More than 175 bloggers, web entrepreneurs, researchers, designers, marketers and scholars gathered Friday at the Annenberg School for Communication to explore “The Hyperlinked Society.” Panel and audience members discussed everything from mapping the web and its users to economics and global access.
Sixty-four percent of American adults do not know that it is legal for online stores to charge different people different prices at the same time of day for the same product. This groundbreaking new study explores this and many other shopping rules that all Americans need to know in order to protect themselves from online
New Report Examines Americans’ Understanding of Online Privacy Do Americans understand the purpose on internet privacy policies? Do they know how websites use information about them? Do they trust government to protect their personal information? Americans and Online Privacy: The System is Broken, that addresses these specific questions.
Men Still Hold Vast Majority of Board and Executive Positions within Entertainment, Telecommunication, Cable, Publishing and E- Companies Fewer than one in five board members of the largest communication companies are women, according to the second annual analysis of women in communication companies conducted by the Annenberg Public Policy Center of the University of Pennsylvania.
Most children’s websites are not following the spirit of privacy laws. Although privacy policies exist on many sites, they often prove very difficult to read and are missing key elements.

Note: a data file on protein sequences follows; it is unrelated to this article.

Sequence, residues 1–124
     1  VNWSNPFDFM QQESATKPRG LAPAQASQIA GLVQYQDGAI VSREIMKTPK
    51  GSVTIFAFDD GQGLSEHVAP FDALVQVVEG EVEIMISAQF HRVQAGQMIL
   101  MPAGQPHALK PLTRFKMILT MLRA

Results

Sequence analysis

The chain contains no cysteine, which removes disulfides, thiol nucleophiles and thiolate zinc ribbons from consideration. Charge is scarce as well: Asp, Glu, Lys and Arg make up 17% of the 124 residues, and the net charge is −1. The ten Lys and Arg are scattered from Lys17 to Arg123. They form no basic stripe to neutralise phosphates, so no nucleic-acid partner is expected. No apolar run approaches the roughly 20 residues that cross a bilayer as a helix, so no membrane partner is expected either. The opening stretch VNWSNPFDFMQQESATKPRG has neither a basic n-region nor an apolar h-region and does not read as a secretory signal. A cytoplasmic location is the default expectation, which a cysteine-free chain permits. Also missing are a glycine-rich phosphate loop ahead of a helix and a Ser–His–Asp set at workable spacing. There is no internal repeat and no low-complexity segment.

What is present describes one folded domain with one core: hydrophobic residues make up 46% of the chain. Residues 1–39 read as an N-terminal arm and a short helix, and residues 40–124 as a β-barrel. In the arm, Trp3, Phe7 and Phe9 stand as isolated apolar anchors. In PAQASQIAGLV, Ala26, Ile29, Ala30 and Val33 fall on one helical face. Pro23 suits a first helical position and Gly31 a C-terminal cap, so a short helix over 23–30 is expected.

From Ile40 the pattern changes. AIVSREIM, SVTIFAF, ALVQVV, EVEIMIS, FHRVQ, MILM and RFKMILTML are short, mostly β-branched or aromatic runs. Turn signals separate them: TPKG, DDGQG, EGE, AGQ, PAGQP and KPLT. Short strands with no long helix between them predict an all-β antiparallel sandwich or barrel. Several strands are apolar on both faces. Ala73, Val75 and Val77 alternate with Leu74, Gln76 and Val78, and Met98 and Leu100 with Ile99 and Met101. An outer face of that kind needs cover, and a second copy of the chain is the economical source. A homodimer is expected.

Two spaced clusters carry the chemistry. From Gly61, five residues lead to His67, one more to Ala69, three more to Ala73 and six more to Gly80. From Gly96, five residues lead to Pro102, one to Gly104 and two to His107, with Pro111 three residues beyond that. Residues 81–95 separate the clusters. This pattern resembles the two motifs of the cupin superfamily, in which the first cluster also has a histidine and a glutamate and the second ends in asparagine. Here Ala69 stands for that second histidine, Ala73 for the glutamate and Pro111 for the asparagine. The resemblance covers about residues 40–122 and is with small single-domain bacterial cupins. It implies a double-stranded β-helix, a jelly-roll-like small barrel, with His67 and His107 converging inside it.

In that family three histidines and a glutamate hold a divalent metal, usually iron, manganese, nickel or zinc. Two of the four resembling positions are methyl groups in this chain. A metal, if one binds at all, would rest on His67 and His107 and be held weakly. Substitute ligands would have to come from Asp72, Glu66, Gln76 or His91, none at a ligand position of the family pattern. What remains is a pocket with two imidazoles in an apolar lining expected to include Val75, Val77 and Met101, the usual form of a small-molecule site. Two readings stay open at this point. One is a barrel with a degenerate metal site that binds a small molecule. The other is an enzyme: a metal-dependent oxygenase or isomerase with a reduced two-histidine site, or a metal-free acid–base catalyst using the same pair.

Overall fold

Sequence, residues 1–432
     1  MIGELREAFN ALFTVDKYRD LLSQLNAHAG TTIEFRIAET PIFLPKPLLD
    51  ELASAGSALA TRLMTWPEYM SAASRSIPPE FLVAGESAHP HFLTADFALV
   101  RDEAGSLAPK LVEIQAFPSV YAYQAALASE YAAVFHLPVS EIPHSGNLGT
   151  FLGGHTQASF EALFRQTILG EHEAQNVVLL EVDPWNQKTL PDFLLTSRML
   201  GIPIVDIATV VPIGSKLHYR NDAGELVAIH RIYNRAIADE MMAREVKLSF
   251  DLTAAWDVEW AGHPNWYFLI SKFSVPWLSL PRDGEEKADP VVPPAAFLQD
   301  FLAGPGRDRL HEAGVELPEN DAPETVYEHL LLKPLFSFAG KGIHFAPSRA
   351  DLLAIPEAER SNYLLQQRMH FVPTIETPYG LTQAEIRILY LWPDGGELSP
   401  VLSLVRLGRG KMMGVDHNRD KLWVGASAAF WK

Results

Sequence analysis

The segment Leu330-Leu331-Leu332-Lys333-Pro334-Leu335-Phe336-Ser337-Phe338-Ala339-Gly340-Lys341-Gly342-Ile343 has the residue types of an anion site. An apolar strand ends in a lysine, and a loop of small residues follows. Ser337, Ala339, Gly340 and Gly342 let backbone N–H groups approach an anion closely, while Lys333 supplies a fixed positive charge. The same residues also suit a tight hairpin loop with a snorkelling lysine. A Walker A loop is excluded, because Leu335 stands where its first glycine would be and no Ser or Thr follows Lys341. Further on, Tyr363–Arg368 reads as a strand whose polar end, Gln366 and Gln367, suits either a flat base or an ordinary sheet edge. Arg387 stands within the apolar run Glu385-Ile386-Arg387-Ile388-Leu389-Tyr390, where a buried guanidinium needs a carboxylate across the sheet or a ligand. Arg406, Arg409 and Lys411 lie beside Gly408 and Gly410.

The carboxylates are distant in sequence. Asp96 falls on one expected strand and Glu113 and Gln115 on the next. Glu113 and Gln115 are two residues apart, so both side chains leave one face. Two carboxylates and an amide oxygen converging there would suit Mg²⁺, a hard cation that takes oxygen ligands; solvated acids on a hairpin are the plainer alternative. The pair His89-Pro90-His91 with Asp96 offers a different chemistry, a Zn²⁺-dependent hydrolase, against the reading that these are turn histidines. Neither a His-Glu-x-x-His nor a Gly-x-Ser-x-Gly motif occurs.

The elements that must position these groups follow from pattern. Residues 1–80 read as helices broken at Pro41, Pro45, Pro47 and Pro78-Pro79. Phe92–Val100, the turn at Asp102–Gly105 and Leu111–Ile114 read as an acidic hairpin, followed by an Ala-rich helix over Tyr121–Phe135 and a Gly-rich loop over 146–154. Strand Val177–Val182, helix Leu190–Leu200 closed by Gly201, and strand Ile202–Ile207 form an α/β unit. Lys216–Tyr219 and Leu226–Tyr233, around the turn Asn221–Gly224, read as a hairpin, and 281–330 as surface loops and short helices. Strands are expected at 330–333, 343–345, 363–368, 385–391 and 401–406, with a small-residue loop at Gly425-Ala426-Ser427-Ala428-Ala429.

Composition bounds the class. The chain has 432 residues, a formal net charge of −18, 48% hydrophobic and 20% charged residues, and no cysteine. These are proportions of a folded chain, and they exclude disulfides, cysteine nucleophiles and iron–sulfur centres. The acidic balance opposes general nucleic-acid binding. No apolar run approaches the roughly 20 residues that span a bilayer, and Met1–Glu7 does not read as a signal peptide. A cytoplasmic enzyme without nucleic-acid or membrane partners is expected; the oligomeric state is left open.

Free Gift Could Entice Children Into Revealing Personal Family Information: Online Boys More Likely Than Girls, and Older Kids More Likely than Younger Kids, to Say it is OK to Divulge Information According to this latest report, the majority of parents who have home web access look favorably upon the internet – 89 percent believe
This report examines how the Telecommunications Act of 1996 created a highly pro-competitive strategic direction for public policy-makers that federal, state regulators, and state legislators appear to be following.
This report examines the impact that the revolution in computer technology has had on the management of catastrophic risks. This area has now emerged on the societal radar screen due to large-scale losses from recent hurricanes and earthquakes that have shaken the insurance industry and affected federal expenditures.